You might already know how to infuse your work life with humor and levity, and why it’s so important. But here’s the thing: Once the workday is over, you go home to your full and beautiful and complicated life. What then?
Jennifer has spent the last two decades researching the drivers of human well-being: How do people create meaning in their lives, how is meaning different than happiness, and ultimately, how does one design a life well lived?
Much of that work was inspired by the regrets of the dying. Jennifer’s preoccupation with death began early; her mother has been volunteering at hospice for nearly forty years, so Jennifer grew up hearing stories around the dinner table about the people her mother supported and what they wished for in their last days of life.
In hearing about the wishes that people express in their final days, she began to notice they cluster around a few consistent themes: boldness, authenticity, presence, joy, and love.
Through working with Naomi over the last six years, together we have found that humor and levity are uniquely powerful tools for fulfilling each of these wishes—and thus for contributing to a life well-lived.
We hope that readers can use their findings to live better, more fulfilling lives. So with that, we merge these two different yet profoundly connected sides of their work: levity and a life well lived. In both, boldness, authenticity, presence, joy, and love flourish.
Boldness: “I wish I had lived more fearlessly.”
Fear holds us back from making bold choices that can define our lives. So to live more boldly, we must first tackle fear. Which humor does. Not by making us more courageous or fearless—but by opening us up to change and possibility. Humor empowers us with the boldness to take bigger risks and helps us bounce back more quickly from setbacks—so we can dust ourselves off and try again.
I’m not funny. What I am is brave.
Authenticity: “I wish I had lived a life true to myself.”
Meeting or exceeding the expectations of others can be an intoxicating source of pride. But when we focus too much energy on reaching an outcome or portraying a certain version of ourselves, we can lose our grounding along the way. Humor empowers us to share parts of ourselves that are risky, unconventional, and authentic—thereby shifting others’ expectations to ones that are more personally true, and providing the perspective to care less about ones that don’t matter.
Don’t waste your time trying to change opinions. Do your thing and don’t care if they like it.
Presence: “I wish I’d stopped to appreciate the moment more.”
Humor is a choice, one that requires you to watch carefully as your life is unfolding, listen to those around you, and be present in the moment. We are wired to reflect on our past and envision our future; humor helps remind us that each day—as it unfolds—is our life. By prompting us to search for hidden truths in each moment and to look at people and situations in a new light, humor engenders presence.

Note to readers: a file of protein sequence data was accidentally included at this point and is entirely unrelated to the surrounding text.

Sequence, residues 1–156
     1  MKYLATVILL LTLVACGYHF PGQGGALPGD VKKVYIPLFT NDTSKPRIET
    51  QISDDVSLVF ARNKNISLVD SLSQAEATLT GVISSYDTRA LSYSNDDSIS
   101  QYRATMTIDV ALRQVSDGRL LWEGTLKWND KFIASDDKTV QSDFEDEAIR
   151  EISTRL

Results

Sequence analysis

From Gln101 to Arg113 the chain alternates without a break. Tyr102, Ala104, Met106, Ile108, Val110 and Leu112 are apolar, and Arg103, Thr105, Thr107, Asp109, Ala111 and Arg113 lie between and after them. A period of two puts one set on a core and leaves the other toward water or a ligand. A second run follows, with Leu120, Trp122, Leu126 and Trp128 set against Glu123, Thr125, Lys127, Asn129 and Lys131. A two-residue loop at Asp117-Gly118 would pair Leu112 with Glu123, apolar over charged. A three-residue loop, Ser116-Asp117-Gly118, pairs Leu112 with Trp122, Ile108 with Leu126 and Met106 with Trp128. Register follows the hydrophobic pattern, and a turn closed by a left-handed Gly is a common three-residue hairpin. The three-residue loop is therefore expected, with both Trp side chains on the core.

The last time doesn’t exist. It’s only this time . . . There’s only now.
Joy: “I wish I had laughed more—and not taken myself so seriously.”
Joy is not a happy accident, but a choice we make: a thing we allow ourselves to seek and find. It’s about being more generous with your laughter and finding delightful moments in the day. When you don’t take yourself too seriously—you laugh effortlessly. And that is when joy flows.
Do things that make you happy within the confines of the legal system.
Love: “I wish I had the chance to say ‘I love you’ one more time.”
Where there is love, humor is not far behind. There are few tiny acts as easy and generous as sharing a laugh with someone—these moments, though fleeting, are tiny expressions of love. And by quickening the path to trust and self-disclosure, relationships are strengthened. When laughter cuts through tension and divisiveness to forge connection, humor and levity enable love.
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Boldness, authenticity, presence, joy, and love: It is hard to imagine more rewarding life pursuits. And lucky for us (and our readership), each is deeply connected with humor. This is why we believe so strongly that a life of purpose and meaning is a life filled with laughter and levity.
In my experience, you will truly serve only what you love. If you love friends, you will serve your friends. If you love community, you will serve your community. If you love money, you will serve money. And if you love only yourself, you will serve only yourself, and you will have only yourself.
Dr. Jennifer Aaker is the General Atlantic Professor at the Stanford Graduate School of Business and a leading expert on how purpose and meaning shape individual choices and how technology can positively impact human well-being and company growth. Her work has been widely published in leading scientific journals, and featured in The Economist, The New York Times, The Wall Street Journal, The Atlantic, and Science. A recipient of the Distinguished Scientific Achievement Award, and MBA Professor of the Year, Aaker counts winning a dance-off in the early 1980s among her greatest feats.
Naomi Bagdonas is a lecturer at the Stanford Graduate School of Business and an executive coach. She facilitates interactive sessions for leaders, Fortune 100 companies, and nonprofits and coaches executives and celebrities for appearances on shows ranging from Saturday Night Live to Today. Formerly trained at the Upright Citizens Brigade Theatre, Bagdonas performs at comedy venues and teaches improv in San Francisco’s county jail. Her constant stream of foster dogs describe her as gullible and full of treats.